Data is everywhere. It influences everything from our shopping habits and how we interact on social media, to global marketing strategies and political campaigns. Throughout the pandemic, governments and health organisations across the globe have been using data to track progress and plan for recovery. Even prior to the pandemic, global data consumption was increasing exponentially. In late 2018, the ID predicted that the global datasphere would grow from 33 zetabytes (ZB) in 2018 to 175ZB in 2025.
Given that data influences so many aspects of our lives, ideally the data science and technology community should be reflective of the wider population. However, a 2020 study by the Boston Consulting Group revealed that in the US, as few as 15% of data science related roles are occupied by women. Statistics are even lower for women of colour.
The study highlights this lack of diversity as a serious issue. With AI algorithms being susceptible to bias, it requires a team with a diverse range of experiences and backgrounds to create algorithms that work for all.
In her book, Invisible Women by Caroline Criado Perez, the author exposes how the ‘gender data gap’ has adversely affected women across many areas of life such as medical research, technology, workplaces, urban planning and the media, further highlighting the need for diversity across teams responsible for gathering and analysing data that is used to shape our everyday lives.
The Women in Data Science and AI research project at The Alan Turing Institute is looking to address both the issues of diversity in the tech world and the and bias in the design of AI systems. The aims of the project are to increase the number of women in data science and AI, and therefore mitigate the risks caused by non-diverse teams.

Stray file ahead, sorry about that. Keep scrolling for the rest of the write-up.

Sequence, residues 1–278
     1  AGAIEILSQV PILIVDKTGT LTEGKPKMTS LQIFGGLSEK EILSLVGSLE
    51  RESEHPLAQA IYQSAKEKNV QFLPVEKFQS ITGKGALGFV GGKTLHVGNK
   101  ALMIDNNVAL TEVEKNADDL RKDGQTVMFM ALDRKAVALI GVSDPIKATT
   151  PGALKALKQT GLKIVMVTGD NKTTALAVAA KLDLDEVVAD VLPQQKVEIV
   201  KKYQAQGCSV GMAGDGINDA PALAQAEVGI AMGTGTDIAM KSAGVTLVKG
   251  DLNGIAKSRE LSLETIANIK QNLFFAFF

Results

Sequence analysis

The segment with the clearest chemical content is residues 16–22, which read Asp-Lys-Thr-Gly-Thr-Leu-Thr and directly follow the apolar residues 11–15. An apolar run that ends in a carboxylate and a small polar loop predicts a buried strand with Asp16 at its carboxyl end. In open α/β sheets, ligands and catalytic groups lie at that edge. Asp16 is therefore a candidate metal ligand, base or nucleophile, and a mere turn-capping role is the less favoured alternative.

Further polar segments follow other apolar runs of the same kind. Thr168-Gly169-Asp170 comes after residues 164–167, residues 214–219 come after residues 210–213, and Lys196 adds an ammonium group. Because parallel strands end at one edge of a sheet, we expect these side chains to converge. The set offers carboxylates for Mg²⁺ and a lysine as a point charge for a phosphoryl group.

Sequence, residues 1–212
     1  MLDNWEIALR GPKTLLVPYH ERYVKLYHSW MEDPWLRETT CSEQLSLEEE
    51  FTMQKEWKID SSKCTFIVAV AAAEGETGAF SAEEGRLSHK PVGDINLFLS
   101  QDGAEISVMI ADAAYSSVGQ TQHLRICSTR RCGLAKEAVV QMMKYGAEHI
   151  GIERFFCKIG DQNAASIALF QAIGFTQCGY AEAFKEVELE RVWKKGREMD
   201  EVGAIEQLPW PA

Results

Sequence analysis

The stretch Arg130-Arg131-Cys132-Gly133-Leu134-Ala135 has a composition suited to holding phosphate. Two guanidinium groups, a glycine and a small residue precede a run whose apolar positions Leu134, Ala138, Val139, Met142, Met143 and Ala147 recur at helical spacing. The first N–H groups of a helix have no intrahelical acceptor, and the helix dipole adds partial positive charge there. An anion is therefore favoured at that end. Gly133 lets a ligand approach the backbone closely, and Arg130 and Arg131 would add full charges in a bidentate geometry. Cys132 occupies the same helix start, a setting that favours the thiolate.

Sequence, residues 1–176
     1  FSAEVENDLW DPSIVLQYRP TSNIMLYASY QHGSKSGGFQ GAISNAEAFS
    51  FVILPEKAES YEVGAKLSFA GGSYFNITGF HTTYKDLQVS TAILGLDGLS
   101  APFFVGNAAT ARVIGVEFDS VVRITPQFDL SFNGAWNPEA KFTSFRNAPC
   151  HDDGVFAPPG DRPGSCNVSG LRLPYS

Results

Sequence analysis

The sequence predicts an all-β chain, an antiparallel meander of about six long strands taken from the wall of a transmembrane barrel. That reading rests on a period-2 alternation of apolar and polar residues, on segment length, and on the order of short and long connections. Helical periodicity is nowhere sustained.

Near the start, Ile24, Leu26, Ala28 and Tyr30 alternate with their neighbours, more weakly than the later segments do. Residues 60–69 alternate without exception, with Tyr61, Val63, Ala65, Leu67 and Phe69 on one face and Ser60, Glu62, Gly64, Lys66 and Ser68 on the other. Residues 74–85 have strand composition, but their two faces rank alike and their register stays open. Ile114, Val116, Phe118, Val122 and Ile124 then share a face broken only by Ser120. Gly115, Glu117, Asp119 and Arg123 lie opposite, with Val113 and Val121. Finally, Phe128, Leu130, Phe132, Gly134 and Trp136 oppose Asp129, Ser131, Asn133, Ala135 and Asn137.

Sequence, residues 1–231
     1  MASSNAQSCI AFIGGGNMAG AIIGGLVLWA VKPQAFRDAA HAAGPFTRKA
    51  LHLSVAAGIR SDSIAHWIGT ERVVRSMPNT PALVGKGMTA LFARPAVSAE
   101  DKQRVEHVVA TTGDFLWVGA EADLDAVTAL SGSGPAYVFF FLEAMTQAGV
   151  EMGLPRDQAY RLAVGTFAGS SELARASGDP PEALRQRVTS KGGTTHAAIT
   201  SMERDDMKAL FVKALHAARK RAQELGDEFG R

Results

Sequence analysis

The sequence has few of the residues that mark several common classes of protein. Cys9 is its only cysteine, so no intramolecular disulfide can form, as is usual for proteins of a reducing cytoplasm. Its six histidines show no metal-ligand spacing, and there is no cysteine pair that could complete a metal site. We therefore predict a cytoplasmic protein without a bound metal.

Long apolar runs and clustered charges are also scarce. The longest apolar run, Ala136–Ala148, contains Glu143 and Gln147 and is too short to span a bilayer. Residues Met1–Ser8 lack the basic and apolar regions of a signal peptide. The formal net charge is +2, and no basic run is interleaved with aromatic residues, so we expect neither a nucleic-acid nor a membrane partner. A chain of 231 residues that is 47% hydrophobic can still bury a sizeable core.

Researchers have developed a ‘Diversity Dashboard’, which can be used by tech firms to monitor the different ways men and women are treated in the workplace, based on activity on commonly used tools, GitHub and Slack. The aim is to allow firms to have insight into these differences and respond accordingly, as well as enabling the Alan Turing Institute to use the data to make a number of data-based policy recommendations.
There is much to be done at ‘grass roots’ levels also. At Hamilton Forth we work with organisations such as DressCode, an organisation working to address the Computing Science gender gap in schools, and are signed up to the Digital Technology Education Charter. We are also fully committed to using recruitment methods that encourage diversity, and work closely with our clients to ensure their brand and recruitment methods reflect that to ensure the best outcomes for client and candidates.
If you are interested in finding out more what Hamilton Forth is doing in data contact [email protected].